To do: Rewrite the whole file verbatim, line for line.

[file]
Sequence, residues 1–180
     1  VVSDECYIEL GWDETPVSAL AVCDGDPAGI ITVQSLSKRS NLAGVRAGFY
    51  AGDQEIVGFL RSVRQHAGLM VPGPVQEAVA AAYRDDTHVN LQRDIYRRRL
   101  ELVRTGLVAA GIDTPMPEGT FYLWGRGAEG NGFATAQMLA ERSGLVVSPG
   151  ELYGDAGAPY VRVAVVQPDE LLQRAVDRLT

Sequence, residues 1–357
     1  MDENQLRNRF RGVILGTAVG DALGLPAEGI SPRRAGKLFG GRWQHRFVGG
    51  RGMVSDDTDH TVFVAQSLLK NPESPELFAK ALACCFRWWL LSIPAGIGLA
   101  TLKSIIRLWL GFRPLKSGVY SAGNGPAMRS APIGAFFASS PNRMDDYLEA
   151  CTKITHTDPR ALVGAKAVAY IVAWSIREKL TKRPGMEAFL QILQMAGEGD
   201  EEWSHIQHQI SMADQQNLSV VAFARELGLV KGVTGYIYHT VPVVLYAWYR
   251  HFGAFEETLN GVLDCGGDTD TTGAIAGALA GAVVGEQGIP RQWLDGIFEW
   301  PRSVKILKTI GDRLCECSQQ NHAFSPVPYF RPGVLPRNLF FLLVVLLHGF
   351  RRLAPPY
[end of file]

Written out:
Sequence, residues 1–180
     1  VVSDECYIEL GWDETPVSAL AVCDGDPAGI ITVQSLSKRS NLAGVRAGFY
    51  AGDQEIVGFL RSVRQHAGLM VPGPVQEAVA AAYRDDTHVN LQRDIYRRRL
   101  ELVRTGLVAA GIDTPMPEGT FYLWGRGAEG NGFATAQMLA ERSGLVVSPG
   151  ELYGDAGAPY VRVAVVQPDE LLQRAVDRLT

Sequence, residues 1–357
     1  MDENQLRNRF RGVILGTAVG DALGLPAEGI SPRRAGKLFG GRWQHRFVGG
    51  RGMVSDDTDH TVFVAQSLLK NPESPELFAK ALACCFRWWL LSIPAGIGLA
   101  TLKSIIRLWL GFRPLKSGVY SAGNGPAMRS APIGAFFASS PNRMDDYLEA
   151  CTKITHTDPR ALVGAKAVAY IVAWSIREKL TKRPGMEAFL QILQMAGEGD
   201  EEWSHIQHQI SMADQQNLSV VAFARELGLV KGVTGYIYHT VPVVLYAWYR
   251  HFGAFEETLN GVLDCGGDTD TTGAIAGALA GAVVGEQGIP RQWLDGIFEW
   301  PRSVKILKTI GDRLCECSQQ NHAFSPVPYF RPGVLPRNLF FLLVVLLHGF
   351  RRLAPPY